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Jan-Carl Raspe
Born(1944-07-24)24 July 1944
Died18 October 1977(1977-10-18) (aged 33)
Cause of deathGunshot wound
OccupationGerman militant; convicted criminal
OrganizationRed Army Faction

Jan-Carl Raspe (24 July 1944 – 18 October 1977) was a member of the German militant group, the Red Army Faction (RAF).

Early life

Raspe was born in Seefeld in Tirol. He was described as gentle but had difficulty communicating with other people. His father, a businessman, died before his birth and Raspe and his two older sisters were raised by his mother and two aunts.[1][2] Although living in East Berlin, he went to West Berlin when the Berlin Wall was built in 1961, and stayed there, living with his uncle and aunt. He co-founded Kommune II in 1967[3] and joined the Red Army Faction, also known as the "Baader-Meinhof Gang", in 1970.[4]


Burial site of Baader, Raspe and Ensslin
Burial site of Baader, Raspe and Ensslin

On 1 June 1972, Raspe along with Andreas Baader and Holger Meins had gone to check on a garage in Frankfurt where they had been storing materials used to make incendiary devices. Raspe had gone along as the driver (they were driving a Porsche Targa). However, as soon as they arrived at the garage, police began to swarm around the scene. Meins and Baader had already entered the garage and were surrounded but Raspe, who had remained by the car, fired a shot from his gun and tried to run away when he was rushed by police, but to no avail; he was caught and arrested in a nearby garden. Meins and Baader were arrested soon after.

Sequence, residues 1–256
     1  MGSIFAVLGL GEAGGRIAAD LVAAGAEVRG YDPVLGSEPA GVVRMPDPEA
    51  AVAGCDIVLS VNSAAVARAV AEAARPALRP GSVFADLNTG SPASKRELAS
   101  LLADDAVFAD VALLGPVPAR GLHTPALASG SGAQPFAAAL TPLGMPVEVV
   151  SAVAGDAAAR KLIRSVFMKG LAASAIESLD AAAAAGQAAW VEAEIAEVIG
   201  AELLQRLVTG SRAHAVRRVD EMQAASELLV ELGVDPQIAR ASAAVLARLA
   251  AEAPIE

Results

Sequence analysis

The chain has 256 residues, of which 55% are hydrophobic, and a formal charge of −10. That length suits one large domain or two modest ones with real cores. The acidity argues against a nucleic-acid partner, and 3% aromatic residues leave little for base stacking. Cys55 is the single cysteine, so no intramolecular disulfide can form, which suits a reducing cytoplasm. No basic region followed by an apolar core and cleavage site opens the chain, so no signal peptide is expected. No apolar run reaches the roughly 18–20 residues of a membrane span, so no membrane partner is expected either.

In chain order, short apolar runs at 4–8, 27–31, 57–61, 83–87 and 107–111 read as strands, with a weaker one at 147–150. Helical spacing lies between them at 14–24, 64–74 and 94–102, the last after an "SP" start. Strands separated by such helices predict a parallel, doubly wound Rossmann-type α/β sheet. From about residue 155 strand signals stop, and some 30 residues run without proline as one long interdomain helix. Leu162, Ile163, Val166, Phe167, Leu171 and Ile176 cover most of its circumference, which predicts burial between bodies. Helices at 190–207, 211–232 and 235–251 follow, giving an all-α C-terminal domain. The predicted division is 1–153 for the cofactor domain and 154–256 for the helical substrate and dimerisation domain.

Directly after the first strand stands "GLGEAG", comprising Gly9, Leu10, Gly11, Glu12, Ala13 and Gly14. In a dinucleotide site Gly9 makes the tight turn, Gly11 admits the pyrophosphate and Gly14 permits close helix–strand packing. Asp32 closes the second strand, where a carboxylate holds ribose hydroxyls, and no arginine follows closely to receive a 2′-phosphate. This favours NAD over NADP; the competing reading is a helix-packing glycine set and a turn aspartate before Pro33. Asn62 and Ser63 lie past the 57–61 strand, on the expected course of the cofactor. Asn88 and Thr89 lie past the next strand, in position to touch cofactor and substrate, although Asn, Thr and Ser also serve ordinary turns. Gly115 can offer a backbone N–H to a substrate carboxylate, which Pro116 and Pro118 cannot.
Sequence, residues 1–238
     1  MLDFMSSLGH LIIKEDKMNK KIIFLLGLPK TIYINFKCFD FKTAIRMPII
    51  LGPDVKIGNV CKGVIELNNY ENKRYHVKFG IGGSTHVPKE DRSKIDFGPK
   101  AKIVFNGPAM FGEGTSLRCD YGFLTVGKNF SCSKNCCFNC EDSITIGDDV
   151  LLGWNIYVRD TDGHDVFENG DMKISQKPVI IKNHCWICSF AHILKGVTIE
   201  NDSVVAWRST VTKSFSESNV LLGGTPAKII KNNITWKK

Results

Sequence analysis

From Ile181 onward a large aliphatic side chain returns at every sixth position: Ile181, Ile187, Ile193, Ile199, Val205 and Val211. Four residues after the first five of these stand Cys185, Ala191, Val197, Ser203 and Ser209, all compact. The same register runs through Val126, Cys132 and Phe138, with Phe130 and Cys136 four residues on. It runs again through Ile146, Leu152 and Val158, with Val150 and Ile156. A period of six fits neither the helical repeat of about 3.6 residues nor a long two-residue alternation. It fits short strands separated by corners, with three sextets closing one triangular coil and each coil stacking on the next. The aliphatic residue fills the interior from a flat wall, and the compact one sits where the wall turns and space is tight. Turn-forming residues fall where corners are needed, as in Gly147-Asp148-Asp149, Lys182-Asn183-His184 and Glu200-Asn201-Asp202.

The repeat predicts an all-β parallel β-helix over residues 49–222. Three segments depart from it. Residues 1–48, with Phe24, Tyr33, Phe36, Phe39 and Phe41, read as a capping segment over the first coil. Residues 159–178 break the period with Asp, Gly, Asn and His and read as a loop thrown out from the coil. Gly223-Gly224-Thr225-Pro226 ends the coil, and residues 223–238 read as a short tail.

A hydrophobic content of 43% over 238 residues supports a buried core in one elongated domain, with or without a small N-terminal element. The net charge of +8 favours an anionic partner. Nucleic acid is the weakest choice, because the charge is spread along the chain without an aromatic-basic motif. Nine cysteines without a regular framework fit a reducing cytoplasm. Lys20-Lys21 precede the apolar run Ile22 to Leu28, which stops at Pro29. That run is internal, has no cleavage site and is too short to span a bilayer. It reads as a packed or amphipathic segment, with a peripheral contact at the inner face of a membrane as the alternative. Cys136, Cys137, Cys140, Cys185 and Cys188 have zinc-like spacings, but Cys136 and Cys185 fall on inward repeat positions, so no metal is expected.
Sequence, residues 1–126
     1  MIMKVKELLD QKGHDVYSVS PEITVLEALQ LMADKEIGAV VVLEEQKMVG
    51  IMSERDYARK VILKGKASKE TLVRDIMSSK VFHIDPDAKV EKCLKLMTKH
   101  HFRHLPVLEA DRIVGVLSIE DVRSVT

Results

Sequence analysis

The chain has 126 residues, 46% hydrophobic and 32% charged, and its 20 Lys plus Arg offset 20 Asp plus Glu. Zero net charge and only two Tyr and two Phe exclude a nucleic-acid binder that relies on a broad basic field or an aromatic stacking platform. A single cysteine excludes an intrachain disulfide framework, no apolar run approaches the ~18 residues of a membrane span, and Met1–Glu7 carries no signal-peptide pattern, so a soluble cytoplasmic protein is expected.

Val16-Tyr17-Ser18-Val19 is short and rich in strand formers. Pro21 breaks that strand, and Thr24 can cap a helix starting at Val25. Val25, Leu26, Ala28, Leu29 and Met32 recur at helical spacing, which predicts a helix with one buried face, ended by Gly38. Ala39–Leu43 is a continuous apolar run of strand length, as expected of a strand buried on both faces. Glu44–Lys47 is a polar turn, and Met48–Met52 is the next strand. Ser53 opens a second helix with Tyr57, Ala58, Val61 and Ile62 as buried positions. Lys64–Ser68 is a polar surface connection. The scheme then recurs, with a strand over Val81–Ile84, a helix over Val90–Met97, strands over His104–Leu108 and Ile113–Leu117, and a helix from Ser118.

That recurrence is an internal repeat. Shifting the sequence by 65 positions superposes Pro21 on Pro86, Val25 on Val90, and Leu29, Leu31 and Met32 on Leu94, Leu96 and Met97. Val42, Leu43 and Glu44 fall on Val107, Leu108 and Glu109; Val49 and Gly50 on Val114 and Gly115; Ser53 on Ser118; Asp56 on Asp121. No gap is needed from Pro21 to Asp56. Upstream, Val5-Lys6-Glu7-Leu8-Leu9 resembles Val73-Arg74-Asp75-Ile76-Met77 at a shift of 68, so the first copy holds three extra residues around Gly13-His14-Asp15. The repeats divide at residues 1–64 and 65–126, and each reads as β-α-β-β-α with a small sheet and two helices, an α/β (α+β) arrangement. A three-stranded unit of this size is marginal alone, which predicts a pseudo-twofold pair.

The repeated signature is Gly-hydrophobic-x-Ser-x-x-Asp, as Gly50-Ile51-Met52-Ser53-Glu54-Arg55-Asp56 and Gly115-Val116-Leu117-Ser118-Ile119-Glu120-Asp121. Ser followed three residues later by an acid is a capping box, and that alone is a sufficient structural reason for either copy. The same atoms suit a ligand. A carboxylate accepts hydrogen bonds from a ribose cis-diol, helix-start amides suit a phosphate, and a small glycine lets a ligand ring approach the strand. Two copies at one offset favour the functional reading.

Raspe was convicted on 28 April 1977 and sentenced to life imprisonment.[5][6] On 18 October 1977, Raspe was found with a gunshot wound in his cell in Stammheim Prison, Stuttgart. He died shortly after being admitted to a hospital.[7][8][9] Fellow RAF members and inmates, Baader and Gudrun Ensslin, were found dead in their cells the same morning. Irmgard Möller was found in her cell, wounded after supposedly stabbing herself in the chest, but survived. The official inquiry concluded that this was a collective suicide, but again conspiracy theories abounded.

See also


  1. ^ Post, Jerrold M. (2007). The Mind of the Terrorist : The Psychology of Terrorism from the IRA to Al-Qaeda. New York: Palgrave Macmillan. p. 127. ISBN 978-0-230-60859-7.
  2. ^ Aust, Stefan (2009). Baader-Meinhof : The Inside Story of the R.A.F. Translated by Anthea Bell. Oxford: Oxford University Press. p. 86. ISBN 978-0-19-537275-5.
  3. ^ Walker, Ian (1987). Zoo Station : Adventures in East and West Berlin. London: Secker & Warburg. p. 31. ISBN 0-436-56093-3.
  4. ^ Atkins, Stephen E. (2004). Encyclopedia of modern worldwide extremists and extremist groups. Westport, Conn.: Greenwood Press. p. 265. ISBN 978-0313324857.
  5. ^ Hockenos, Paul (2008). Joschka Fischer and the Making of the Berlin Republic : An Alternative History of Postwar Germany. Oxford: Oxford University Press. p. 123. ISBN 978-0-19-804016-3.
  6. ^ Carlton, David; Schaerf, Carlo (2015). Contemporary Terror : Studies in Sub-State Violence. International School on Disarmament and Research on Conflicts. Abingdon, Oxon: Taylor & Francis. p. 135. ISBN 978-1-317-42430-7.
  7. ^ Childs, David (9 April 2007). "Hans Filbinger". The Independent. Archived from the original on 21 May 2011. Retrieved 5 April 2009.
  8. ^ Hofmann, Paul (October 19, 1977). "3 JAILED GERMAN TERRORISTS REPORTED SUICIDES AS HOSTAGES FROM HIJACKED PLANE FLY HOME". The New York Times. Retrieved April 27, 2019.
  9. ^ "New Pictures of RAF Terror Cell Events Unearthed in Germany". Deutsche Welle. 5 August 2008. Archived from the original on 5 August 2008.